Businesses in general want to protect their access to as many customers as possible, with as few barriers as possible. They also want to ensure the UK is not flooded with cheaply made imports. Trade Unions have an interest here too – workers in some other countries have poor terms and conditions.
Finally, our NHS and many businesses rely on labour from other EU countries. They are pressing the Government to ensure that free movement restrictions do not impact their business models.
The UK Government is faced with all of these conflicting interests and has to ensure that they negotiate the best possible future relationship with the EU and to try to please everyone. In the past twenty years or so, the vast majority of diplomacy and negotiation between the UK and other countries has been ceded to the EU. This means that Brussels is full of trained international negotiators while the UK has very few people with any recent experience. Clearly that puts us on the back foot to begin with.
The UK and the EU will sit down and hammer out a possible deal. They’ll discuss movement of people, movement of goods and services, fishing quotas, single market access, university and other research programmes. Eventually an accord will be reached. It’s anybody’s guess as to how long this will take. I understand that trade deals between countries take at least 5 years usually, but hopefully this part of the process will be done more quickly.
This is not the end of the process though. Once the EU and UK negotiators have agreed on a proposed framework, it will have to be ratified by all 27 EU countries and possibly also the UK parliament. Each of the 27 countries has the ability to hold up or even veto the deal, so each has to be happy before a deal can be agreed.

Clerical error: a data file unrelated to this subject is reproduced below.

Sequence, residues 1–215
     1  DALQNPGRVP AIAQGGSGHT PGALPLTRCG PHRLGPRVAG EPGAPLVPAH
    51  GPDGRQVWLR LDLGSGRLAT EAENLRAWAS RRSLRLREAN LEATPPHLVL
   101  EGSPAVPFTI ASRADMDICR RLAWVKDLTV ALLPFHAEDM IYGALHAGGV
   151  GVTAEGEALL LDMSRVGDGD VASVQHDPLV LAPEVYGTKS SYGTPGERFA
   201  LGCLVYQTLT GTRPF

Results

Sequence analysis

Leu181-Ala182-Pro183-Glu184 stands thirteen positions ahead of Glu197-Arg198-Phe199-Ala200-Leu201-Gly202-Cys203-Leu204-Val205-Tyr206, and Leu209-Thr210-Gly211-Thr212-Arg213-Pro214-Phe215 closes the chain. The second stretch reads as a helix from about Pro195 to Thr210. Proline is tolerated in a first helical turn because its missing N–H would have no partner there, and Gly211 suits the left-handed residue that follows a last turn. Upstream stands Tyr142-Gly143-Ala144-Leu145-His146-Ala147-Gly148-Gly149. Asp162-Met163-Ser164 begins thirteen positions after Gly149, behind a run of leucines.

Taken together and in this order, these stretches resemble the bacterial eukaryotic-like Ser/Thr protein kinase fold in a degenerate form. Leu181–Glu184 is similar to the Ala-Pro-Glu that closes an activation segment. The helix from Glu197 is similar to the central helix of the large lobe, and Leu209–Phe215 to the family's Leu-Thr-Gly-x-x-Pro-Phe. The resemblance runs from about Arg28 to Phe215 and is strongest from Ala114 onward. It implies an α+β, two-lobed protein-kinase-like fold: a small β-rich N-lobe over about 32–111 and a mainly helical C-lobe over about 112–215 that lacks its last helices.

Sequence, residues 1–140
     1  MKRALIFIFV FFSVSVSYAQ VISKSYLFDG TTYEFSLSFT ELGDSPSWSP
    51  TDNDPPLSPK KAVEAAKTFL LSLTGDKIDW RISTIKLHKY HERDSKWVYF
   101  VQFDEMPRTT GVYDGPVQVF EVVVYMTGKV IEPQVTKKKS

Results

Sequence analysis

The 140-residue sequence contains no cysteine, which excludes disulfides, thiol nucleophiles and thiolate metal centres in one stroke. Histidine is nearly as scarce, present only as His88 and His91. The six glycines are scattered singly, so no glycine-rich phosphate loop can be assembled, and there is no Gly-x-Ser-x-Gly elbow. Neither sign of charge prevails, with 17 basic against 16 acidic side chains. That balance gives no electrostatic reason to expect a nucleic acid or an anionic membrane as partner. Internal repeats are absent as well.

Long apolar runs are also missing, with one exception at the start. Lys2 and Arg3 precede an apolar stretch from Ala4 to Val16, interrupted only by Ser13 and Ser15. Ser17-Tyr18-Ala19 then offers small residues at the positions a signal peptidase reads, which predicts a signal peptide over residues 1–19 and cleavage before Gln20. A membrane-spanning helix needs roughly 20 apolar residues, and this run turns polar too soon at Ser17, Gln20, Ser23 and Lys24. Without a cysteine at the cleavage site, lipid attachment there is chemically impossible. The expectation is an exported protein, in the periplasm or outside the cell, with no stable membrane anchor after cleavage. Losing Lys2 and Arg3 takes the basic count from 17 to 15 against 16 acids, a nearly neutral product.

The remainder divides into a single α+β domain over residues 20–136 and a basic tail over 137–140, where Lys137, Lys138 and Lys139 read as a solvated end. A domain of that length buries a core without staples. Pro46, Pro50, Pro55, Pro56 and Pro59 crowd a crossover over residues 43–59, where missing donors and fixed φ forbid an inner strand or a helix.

The Spanish Government may not support any deal that erodes their access to UK waters for fishing. The Polish Government may not support any deal that removes the ability of their citizens to move freely to the UK. Germany has the chance to become Europe’s financial centre if they can ensure the UK’s financial services sector faces as many barriers as possible. Most of the EU countries, particularly those with world renowned Universities like the Netherlands, will be keen to receive extra research funding.
Given all the conflicting needs of these countries, it is possible that no deal will be agreed at all, never mind one that is favourable to the UK’s interests.
If the UK has to compromise, it is in their interests to compromise on those positions which matter least to the most populated, highest grossing parts of the country. It’s difficult to imagine a position where there’s a positive outcome for fishing communities, because it’s difficult to imagine a deal where the UK doesn’t try to protect the financial services industry in London.
Without a deal, the UK’s international relationships will be difficult, at best. It’s not like the EU and the UK can just agree to keep everything the same until a deal is agreed – to begin with, the World Trade Organisation (WTO) wouldn’t let us; we’d also have to keep implementing all EU laws in order to stay on the right side of the EU harmonisation regulations and keep our place in the single market. We’re going to have to create a new trading framework with the (WTO). Currently we follow the schedule agreed between the EU and the WTO and because it involves quota and tariff levels we can’t just copy and paste it. So while negotiating our EU relationship we will have to renegotiate our WTO membership so we can actually trade with other nations. That agreement has to be ratified by at least two thirds of the 160 plus other countries.
There’s basically no way the Brexit negotiations can go well for us and the UK Government knows it. That’s why we’re being kept in the dark.
Broadcast media has been full of positive stories about the economy in the past few weeks, suggesting that because house sales have gone up, the economy is not damaged by Brexit. In fact, the pound has decreased in value, meaning it’s a good time for foreign investors to buy up assets in the UK. The effects of Brexit have not hit us yet, but they will, and no corner of the UK will be able to avoid them.
Article source: http://www.huffingtonpost.co.uk/kirsty-blackman-mp/brexit-uk-economy_b_12158204.html?utm_hp_ref=uk-politics&ir=UK+Politics